As per the title, my kitchen cabinets use those little magnetic door catch devices.

Where there is a small plate on the door, and a housed magnet mounted to the frame of the cabinet to hold the door closed - instead of spring loaded hinges.

My high-use doors keep breaking their magnets every year or so - generally the central pin holding the magnet captive gives way and the thing falls apart.

Not expensive to replace, but annoying...

Am I likely mounting them wrong to cause such an issue. If they are too far back, then they do not engage at all and do not work.

If they are too far forward, the door looks ajar.

4 Answers 4


Magnet latches are cheap and rarely work well. Consider replacing the hinges with capture, European style closing hinges that hold doors closed and don't require any mechanical holding devise on the open side of the door. They are inexpensive and work well and are fairly easy to install.


I am not sure why the think is falling apart, is it setup to close and the impact of the cabinet damages it over time?

My pantry closet uses the same mechanism and while it never broke, I always had the issue where the magnets would not engage the door. I found a really easy fix by just attaching a small (but powerful) magnet to the plate on the door.

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I did not use anything to attach them other than the force of the magnet, but ever since then the door has been consistently engaging.


It sounds like the magnet mounts aren't high-enough duty. Are they designed for high-usage kitchen cupboard doors? I'd also check that you aren't deforming the mounts when you mount them. That would hasten failure.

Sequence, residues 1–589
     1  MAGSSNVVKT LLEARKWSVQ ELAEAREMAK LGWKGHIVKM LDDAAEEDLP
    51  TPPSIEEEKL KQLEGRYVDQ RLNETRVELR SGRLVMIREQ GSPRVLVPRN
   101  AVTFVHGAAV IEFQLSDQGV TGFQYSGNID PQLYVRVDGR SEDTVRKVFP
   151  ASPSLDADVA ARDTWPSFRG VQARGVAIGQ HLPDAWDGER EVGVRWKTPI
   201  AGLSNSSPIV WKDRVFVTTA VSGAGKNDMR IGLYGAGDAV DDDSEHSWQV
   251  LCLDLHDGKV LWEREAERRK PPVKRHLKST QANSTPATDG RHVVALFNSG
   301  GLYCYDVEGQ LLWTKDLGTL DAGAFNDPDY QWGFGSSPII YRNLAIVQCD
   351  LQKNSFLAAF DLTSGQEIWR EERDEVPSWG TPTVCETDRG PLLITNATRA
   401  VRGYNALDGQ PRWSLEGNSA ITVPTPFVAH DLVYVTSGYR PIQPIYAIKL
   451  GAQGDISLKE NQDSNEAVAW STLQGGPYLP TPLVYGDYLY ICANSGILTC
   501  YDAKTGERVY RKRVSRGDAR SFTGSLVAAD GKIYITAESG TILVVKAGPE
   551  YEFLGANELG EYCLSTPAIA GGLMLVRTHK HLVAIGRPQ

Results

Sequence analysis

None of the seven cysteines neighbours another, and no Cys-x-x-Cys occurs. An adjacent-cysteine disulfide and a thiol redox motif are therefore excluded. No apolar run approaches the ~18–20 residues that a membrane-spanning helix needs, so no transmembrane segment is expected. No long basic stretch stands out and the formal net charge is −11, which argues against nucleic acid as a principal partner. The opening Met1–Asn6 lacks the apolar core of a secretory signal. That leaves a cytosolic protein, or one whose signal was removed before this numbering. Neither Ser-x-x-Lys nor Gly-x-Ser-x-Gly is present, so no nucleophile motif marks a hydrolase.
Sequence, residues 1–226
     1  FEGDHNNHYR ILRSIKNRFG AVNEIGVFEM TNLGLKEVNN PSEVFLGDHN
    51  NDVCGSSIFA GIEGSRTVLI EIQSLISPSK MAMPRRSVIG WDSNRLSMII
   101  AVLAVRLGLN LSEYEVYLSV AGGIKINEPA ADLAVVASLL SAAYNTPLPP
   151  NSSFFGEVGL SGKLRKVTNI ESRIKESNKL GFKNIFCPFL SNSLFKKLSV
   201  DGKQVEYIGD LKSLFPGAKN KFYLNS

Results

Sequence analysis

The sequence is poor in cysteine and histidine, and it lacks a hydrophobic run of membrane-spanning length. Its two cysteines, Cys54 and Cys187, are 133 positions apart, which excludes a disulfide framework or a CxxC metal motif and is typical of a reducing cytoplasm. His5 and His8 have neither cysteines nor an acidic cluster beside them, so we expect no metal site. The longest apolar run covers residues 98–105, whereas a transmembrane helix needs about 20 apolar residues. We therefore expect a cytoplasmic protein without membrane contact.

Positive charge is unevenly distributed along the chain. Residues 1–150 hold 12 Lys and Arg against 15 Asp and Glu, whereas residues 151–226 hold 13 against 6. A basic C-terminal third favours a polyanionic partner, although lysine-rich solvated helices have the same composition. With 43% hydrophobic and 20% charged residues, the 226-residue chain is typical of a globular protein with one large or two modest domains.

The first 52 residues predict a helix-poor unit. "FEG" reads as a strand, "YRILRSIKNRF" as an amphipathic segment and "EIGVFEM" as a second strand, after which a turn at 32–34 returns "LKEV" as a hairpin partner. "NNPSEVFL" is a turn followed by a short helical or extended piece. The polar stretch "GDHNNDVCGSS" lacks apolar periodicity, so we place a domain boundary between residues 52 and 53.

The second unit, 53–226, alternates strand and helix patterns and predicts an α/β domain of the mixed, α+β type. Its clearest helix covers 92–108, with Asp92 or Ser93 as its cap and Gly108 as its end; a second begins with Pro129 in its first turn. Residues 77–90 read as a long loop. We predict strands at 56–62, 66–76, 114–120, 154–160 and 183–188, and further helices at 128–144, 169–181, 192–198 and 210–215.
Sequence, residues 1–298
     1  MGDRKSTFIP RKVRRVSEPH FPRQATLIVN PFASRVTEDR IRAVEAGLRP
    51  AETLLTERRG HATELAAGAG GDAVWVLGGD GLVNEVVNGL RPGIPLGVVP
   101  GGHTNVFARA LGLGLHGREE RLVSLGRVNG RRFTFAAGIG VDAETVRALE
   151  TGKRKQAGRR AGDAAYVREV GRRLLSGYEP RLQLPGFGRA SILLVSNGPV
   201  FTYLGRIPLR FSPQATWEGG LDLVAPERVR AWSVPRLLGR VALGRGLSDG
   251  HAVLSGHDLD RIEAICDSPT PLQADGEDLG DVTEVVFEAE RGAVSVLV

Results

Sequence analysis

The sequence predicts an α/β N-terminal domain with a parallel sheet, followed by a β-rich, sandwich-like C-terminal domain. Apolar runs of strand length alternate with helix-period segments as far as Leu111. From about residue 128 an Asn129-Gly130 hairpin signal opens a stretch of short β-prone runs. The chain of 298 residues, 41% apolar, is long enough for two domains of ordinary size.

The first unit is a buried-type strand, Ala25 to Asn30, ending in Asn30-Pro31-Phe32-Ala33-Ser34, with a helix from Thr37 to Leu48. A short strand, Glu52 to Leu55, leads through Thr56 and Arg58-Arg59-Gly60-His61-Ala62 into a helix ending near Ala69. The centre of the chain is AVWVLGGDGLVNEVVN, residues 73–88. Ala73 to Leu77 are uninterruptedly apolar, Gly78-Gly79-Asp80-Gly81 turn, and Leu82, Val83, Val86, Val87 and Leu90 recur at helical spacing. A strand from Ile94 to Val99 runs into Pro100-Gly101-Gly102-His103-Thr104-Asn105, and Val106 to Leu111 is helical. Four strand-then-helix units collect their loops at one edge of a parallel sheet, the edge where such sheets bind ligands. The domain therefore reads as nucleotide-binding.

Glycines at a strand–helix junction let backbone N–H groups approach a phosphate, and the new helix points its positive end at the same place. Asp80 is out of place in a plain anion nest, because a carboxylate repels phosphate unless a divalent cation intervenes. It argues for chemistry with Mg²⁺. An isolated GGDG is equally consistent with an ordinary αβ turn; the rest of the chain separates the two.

You might be able to upgrade the magnet's mount, but since the pin is already metal, that would mean upgrading the rest of the mount.

  • I have replaced the entire assembly several times. Nothing deformed or out of alignment that I can tell. Not sure about duty-cycles, none are labelled as such at my local renovation store.
    – sdg
    Commented Dec 16, 2010 at 14:30
  • Looking at all the posts, I think another solution should be searched for.
    – staticsan
    Commented Dec 17, 2010 at 2:04

You could get those rare-earth (neodymium) magnets... they sell them in multi-packs with convenient screw holes... (think I bought mine for even less on eBay). They're powerful as heck and made of stronger material than those crumbly black ones.

For people who like magnets: For a good time, don't throw away your old hard drive – instead, take it apart and take out its ridiculously strong magnets. You might need a security Torx bit (eBay!) to get it open.

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